One of our favorite podcasts here in the offices of Florida Conservation Voters Education Fund is More Perfect, which is an offshoot of the great Radiolab produced by WNYC in New York City. If you’ve never listened before, More Perfect is a podcast focused on the U.S. Supreme Court and the various cases that have shaped how we govern ourselves in the United States. We usually make sure we have one ready before every FCV Ed Fund road trip.
For many, including myself, the Supreme Court is much more of a mystery than the Legislative or Executive branches – which are exhaustively examined 24 hours a day.
The most recent mini-episode of More Perfect is of particular interest to us. The case the producers unwrap is Gill vs. Whitford, which is set to be heard by the Supreme Court this week. Gill vs. Whitford has the potential to dramatically reshape how we elect our members of Congress by challenging political maps that have been gerrymandered.
Of course, gerrymandering is not new. But the Supreme Court has traditionally had a difficult time agreeing on what the standard should be for measuring if a district is gerrymandered or not. Recently, a group of political scientists and mathematicians devised a simple formula to help show if a district is gerrymandered or not. Lawyers are using this formula, known as “the efficiency gap,” as the basis of their lawsuit showing that Republicans in the Wisconsin Legislature gerrymandered the state’s political maps to their significant advantage.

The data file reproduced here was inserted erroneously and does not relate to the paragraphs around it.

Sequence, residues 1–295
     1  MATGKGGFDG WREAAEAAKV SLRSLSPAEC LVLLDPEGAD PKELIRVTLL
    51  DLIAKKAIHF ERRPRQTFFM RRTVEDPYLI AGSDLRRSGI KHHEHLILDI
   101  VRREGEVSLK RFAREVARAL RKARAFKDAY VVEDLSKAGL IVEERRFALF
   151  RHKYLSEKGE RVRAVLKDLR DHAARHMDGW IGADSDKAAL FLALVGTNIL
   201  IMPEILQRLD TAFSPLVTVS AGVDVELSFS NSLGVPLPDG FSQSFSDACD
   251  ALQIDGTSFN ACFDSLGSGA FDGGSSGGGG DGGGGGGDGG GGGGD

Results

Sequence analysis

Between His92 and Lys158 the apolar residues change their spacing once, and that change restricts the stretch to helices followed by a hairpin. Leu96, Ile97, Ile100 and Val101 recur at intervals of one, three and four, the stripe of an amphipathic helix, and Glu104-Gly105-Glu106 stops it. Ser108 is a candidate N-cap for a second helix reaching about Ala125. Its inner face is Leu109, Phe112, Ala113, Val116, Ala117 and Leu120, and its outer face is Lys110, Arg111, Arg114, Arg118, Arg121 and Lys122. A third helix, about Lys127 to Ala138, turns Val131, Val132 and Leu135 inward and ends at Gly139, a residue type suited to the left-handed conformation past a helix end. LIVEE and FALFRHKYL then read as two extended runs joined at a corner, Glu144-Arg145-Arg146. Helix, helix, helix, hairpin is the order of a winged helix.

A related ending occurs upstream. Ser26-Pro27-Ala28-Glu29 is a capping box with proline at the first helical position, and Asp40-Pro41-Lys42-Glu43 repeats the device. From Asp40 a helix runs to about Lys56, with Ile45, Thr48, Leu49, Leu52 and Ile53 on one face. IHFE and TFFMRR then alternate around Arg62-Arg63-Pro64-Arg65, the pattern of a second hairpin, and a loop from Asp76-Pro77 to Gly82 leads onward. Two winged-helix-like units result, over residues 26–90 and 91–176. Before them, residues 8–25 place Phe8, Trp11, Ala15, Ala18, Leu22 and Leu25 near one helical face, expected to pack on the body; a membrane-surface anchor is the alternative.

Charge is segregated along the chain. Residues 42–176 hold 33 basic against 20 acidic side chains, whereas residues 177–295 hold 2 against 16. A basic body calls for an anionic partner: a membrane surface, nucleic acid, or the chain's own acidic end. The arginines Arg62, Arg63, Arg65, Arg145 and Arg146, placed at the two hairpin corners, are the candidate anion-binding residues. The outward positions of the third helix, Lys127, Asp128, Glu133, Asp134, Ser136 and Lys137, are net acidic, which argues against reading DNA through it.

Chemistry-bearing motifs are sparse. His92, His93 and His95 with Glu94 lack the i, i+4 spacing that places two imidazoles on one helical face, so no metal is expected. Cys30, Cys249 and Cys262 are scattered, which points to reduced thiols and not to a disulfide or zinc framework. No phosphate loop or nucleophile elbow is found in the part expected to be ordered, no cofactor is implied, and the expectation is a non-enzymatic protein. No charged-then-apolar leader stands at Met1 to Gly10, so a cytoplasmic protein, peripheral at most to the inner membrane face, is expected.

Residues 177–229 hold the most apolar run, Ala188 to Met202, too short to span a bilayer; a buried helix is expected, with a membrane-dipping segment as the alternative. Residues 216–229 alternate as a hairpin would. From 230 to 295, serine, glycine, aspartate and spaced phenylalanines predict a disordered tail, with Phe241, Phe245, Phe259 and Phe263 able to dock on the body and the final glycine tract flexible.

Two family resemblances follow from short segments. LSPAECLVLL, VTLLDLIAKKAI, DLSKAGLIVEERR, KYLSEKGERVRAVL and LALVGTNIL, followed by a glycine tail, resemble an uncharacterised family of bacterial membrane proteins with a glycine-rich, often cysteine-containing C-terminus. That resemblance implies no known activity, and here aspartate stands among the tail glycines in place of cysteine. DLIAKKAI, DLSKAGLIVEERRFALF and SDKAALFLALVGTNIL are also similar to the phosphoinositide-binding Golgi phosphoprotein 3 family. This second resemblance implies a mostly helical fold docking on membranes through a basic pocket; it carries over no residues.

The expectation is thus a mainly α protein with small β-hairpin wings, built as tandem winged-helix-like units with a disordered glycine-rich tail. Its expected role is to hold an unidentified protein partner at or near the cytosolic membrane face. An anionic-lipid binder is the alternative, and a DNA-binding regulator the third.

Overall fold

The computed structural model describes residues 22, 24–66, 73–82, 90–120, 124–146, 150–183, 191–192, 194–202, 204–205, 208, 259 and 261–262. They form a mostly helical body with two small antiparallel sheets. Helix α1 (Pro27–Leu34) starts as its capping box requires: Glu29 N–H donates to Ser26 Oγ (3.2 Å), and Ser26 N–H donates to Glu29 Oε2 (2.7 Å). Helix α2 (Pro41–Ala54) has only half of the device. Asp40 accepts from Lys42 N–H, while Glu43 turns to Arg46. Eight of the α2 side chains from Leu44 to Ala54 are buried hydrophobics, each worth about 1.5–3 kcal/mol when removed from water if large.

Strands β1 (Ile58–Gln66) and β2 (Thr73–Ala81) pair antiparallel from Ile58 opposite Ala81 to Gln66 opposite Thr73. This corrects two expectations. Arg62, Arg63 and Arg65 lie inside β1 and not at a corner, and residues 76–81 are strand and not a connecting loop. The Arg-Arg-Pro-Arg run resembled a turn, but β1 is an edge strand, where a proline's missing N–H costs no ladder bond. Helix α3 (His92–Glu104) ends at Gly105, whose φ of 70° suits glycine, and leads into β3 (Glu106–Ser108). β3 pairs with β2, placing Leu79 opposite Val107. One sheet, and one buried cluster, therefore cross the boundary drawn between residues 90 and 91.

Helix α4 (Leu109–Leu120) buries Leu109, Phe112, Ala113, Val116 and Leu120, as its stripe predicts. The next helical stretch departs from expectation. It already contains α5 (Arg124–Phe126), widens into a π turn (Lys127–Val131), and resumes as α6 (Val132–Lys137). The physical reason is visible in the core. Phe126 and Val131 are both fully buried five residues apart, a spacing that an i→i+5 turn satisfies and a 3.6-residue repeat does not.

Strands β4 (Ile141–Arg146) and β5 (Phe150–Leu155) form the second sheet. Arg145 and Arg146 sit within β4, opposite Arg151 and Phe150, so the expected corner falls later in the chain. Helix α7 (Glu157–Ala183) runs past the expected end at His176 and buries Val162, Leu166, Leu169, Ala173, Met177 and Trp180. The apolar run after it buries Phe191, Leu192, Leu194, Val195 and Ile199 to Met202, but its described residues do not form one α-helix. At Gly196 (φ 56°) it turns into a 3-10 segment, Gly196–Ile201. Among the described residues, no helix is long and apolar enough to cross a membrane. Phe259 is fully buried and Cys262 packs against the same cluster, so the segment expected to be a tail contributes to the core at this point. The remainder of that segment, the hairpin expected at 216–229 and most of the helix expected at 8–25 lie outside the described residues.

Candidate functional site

If the Supreme Court agrees with the plaintiff that the Wisconsin maps are illegal using the standard set forth by the efficiency gap formula, it would open up the courts for lawsuits challenging maps from every state. Gerrymandering, as you know, is not a Republican problem alone. It is a symptom of power when either party is in control and is rampant across the country in both state and federal districts.
Solving the problem of gerrymandering is a pillar of FCV Ed Fund’s priority list for fixing our Republic. But enough from me. Listen to More Perfect for yourself here.
And if you are looking for some further reading, the website FiveThirtyEight recently posted an excellent analysis of this issue and how it relates to Justice Anthony Kennedy – possibly the most powerful person in the country.